ly has a fine head of skin. FRANK BEM^SET 
by an aL;.ost unan.urious vote \/as acclaimed 
the most popular plant policeman. ROSS 
"HAP" MILLER m^\de' several chairs and a 
table for a breakfast nook, all out of 
his ovm head, and had enough v/ood ].eft 
for a footstool, he said. 

Note to BILL WM'.iER: Don't let the 
razzing get you dorm just because the 
invention didn't work the first time. 
Bill. It vj-as a good try and maybe the 
next one vn'J.l click. Just remember, a 
guy never hit the ball as long as he kept 
the bat on h.is shoulder. Bettei- luck 
next time. 

fLiNK DAUI'l: "Don't worry, v;hcn I 
first cajne here I didn't have a shirt to 
my back." K. R. SANCHEZ: "VvTiat have you 
now?" HANK: "A shirt." 

I^ARY v/on the v/restling match with the 
weld pounding machine. Best t^'o falls 
out of three, but it ^ras a tough match. 
The guy ;,'ho stole CAPlL THOIvIAS' "tools is 
low enough to steal vfhiskers off a 
barber shop floor. 

That inverted slot machine with the 
paddle v;heels and built in jackpot is a 
1926 Overland and is driven by "GU3" 
GUSoMN and CHaRLIE SHAPT.SR. No mat- 
ter v/hich one drives it, it goes steadj^^ 
by jerks. P. T. BUSH remembers when CEC 
FARREIiL was the third jerk from the end 
on the high school tug-of-v;ar team. 

EARL idjUBELL'S girl thinks he is a 
baseball player - she calls him DIZZY 



CaHPEHTER 3HUP 



by Carl Huchting| j^.E UING 



by Ken Murray 



T 



If it is possible for ne to find out 
through the "Ryan Plying Reportor" of 
any members of the National Coicrnandery, 
The Naval and liilitary Order of the 
Spanish- .''vmerican '.Tar, who nii:;ht be work- 
ing for the Ryan Coinpany, I v;ould in- 
deed appreciate that courtssy. I arii a 
Junior Life keinber cf that organization 
and therefore I vjould j.ilce to knov."- v/ho 
(if any) they may be. 

Everj'thing is going on very smoothlj'- 
in our department. VJe are sincerely 
gi-ateful for the things \:e. have to do 
each day. We certainl;"- appreciate the 
many "Than}c -you's'' extended to us Vjy 
the boys from the other departments, for 
for our services rendered. SERVICU 
ITITH A SMILj: is our motto. 

There seems to be some talk about us 
having a nev; work shop. We hope this is 
true and that the Ryan Company vail in- 
stall a "Siilted Peanut Dispenser" near 
JACK PEi^lT'S desk, especially'" for hLm. 
The poor guy is knocking off weight 
from the extra steps he has to take 
each day, running to the lunch vragon at 
noon for that nickel bag of peanuts. 



Au ReToir 

For about a year and a half 
there was a man in the lianifold 
Department whose cheerfixl, fun- 
loving personality made Ryan's a 
better place to v;ork. a few daj'^s 
ago he passed ar:ay but his happy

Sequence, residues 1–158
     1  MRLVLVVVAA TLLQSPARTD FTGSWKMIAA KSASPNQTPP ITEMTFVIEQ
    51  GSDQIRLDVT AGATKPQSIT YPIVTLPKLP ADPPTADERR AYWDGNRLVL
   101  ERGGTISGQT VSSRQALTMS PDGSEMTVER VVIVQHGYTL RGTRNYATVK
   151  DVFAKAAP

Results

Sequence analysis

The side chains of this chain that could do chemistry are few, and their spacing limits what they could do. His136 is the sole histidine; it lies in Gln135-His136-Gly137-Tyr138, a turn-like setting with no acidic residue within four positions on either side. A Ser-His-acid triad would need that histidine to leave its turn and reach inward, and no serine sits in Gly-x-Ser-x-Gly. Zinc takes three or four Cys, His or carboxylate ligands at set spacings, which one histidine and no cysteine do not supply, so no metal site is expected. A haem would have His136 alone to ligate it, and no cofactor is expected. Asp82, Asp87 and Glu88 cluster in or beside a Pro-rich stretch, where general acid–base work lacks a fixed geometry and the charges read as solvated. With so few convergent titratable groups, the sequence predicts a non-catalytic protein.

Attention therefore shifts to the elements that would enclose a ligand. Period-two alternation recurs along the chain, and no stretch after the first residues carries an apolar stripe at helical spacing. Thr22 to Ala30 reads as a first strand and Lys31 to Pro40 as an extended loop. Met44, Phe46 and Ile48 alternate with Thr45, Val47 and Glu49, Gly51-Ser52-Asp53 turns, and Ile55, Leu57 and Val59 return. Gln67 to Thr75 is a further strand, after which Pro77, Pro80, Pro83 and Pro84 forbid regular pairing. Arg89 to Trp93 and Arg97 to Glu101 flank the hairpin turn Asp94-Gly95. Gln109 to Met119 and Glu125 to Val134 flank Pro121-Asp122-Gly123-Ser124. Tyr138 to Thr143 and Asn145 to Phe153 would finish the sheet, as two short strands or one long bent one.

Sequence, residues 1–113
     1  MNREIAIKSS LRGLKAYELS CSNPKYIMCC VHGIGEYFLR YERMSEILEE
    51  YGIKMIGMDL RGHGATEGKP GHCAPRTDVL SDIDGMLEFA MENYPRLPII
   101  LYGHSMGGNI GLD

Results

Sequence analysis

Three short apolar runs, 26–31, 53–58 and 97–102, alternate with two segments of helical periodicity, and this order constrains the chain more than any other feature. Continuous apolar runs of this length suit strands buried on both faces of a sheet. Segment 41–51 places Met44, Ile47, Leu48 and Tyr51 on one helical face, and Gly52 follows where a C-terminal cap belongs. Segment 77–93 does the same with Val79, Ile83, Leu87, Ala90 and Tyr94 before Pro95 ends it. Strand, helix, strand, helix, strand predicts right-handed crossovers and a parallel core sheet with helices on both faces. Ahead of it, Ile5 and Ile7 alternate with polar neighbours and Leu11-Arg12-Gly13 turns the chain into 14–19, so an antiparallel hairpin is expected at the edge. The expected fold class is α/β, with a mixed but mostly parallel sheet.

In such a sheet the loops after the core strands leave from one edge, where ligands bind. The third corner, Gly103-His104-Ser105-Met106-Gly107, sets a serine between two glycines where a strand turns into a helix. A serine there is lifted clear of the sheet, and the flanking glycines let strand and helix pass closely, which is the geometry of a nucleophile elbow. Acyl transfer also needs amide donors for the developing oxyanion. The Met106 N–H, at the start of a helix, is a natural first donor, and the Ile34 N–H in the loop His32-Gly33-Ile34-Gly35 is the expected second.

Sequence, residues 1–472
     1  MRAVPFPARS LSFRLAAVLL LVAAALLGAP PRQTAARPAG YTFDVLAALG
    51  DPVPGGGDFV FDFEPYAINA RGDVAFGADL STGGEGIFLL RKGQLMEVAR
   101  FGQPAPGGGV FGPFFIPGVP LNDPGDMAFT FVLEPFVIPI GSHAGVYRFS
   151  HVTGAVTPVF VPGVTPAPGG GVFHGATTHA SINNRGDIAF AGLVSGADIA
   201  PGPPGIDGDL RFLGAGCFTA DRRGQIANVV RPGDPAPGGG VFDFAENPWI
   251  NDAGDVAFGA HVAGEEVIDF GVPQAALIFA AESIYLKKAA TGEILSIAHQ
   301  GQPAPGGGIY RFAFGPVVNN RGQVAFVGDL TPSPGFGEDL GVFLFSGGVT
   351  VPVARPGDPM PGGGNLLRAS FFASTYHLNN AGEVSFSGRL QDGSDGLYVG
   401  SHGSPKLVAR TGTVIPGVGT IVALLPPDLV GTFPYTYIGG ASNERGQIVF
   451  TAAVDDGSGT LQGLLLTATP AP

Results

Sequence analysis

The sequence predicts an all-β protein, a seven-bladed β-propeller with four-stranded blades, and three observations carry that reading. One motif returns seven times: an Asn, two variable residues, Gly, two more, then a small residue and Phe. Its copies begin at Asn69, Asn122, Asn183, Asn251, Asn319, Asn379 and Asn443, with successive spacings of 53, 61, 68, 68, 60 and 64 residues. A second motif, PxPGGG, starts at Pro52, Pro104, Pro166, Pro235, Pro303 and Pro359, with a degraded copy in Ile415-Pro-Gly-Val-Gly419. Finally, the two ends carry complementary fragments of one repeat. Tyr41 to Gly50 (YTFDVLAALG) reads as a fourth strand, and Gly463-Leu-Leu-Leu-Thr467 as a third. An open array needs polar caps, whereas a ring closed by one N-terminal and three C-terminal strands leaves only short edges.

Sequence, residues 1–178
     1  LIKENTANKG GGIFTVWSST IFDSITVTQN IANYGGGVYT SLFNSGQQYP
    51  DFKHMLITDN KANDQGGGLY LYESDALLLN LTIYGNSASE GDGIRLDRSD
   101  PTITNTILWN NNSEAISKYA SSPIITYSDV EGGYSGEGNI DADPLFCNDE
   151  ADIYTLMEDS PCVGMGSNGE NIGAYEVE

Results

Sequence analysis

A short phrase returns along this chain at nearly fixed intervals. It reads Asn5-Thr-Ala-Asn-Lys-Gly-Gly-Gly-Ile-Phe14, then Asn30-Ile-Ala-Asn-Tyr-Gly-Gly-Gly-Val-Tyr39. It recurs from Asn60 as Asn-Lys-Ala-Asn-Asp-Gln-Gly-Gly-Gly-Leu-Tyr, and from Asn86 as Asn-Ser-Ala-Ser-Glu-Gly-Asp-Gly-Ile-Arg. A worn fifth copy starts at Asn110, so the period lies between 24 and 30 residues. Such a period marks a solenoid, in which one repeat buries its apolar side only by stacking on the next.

spirit is still \:ith us. Even 
though his passing marks an un- 
happy day for us and his r.df e and 
son, v/e all are indebted to him 
for making oui' lives a little 
richer, a little fuller. 

According to good authority 
that boui'ne from whence no traveler 
returns must be a pretty nice 
place. Having knovm him, v.'e know 
that, wherever it is, it is an even 
nicer place by virtue of "BAD" 
BEfniET'S thoughtful, kindly pre- 
sence. And so. Dad, from those of 
us who knev; you but slightly to 
those Vviio loved yon v:ell, it's not 
goodbye just Au 'voir. 



"Chief" C1-II:ISTIaN was having trouble 
getting a grip on his torch the other 
day, and it seems as though a little 
Gev.'-Gav/ vjas the trouble. Chief accused 
everyone but the right one. It could 
have been somebody getting back at him 
for a v;et seat that happened the day 
previous. Give it a thought, Chief, 

AL SCIffiLL would like to knovr who 
the party was that is responsible for 
his toppling from his lofty perch? I'll 
tell "ALL", Al. It was only a poor lit- 
tle match that caused the trouble. If 
you don't believe mo ask GEORCE LAI^JE or 
SLBi L-hDROOT. They stood by and watch- 
ed the match cravd into the place in- 
stead of the steel pin that was support- 
ing your stool. How's a'oout it L0Y3? 

PAUL VEAL has new car troubles. If 
you doubt my veracity, note the worried 
look on his face, or is it a ne"u' addition 
to the family shortly? 

A certain foreman was a little late 
the other day. Could it have been a 
"Poker Party"? 

In all sincerity I wish to commend 
the PltWit Police on their splendid work 
and I knov.' that all the fellov.'s are try- 
ing to cooperate to the fullest. There 
is one particiiiar officer who is a bit 
hard on us fellovifs we think, as he 
takes his stroll through the Manifold 
Department about the same time every 
morning, Your scribe is one of the fel- 
lovrs v;ho is trying to cooperate regard- 
ing badges, but these cold mornings with 
everybody having the sniff els and v/ear- 
ing their jackets for a while 'til it 
warms up a bit, s.ome of the badges do 
get out of sight now and then. 

The prize of the v-reek goes to BOB 
GARDICE and NOEL BOOTH. It goes like 

this Noel came to v;ork the other nvoi'n- 

ing -.--ith a pair of muddy feet. EO!. said 
to NOEL, as the whistJ.e blew, "You go 
out and vTine the mud off your shoes". 
NOEL looke'd up and said, "''.Tiet shoes?" 

So as the 7 o'c],ock whistle blov;s, 
ray parting thought is this: 

If I should die before I vrake. 

Please take care of ray Ponti-ache. 



(f 



..Jl 



f"^ % "^0 






Qv:i$ 




oughts u/otth tkinLlng 



TIE 3UrtPRI3E 

Oeorffe .felt called upon to ^i'-^'G sonie 
"expfTt advice" when he saw hov: fast 
Hi.rry t'ror'ccd, "You'].l v/ork your,-;el.f cut 
of a job", he said, "and if you vfork :jo 
f.-.st the f5.rst day you'll bo e^q^ected 
to kce;o it up all of tho t:ijue." 

"I''.:i not worrying about th.it; I like 
to i/orK," laujhed Harry. 

'['he days passed, and still liarry keot 
l-usy at his nev; job. 

"Harry, you v^ork as thou;;h you v/ere 
the o^mer of the rlace," spoke Georje 
at^-ain one aay. "Hov: much i^re thuy p''.y-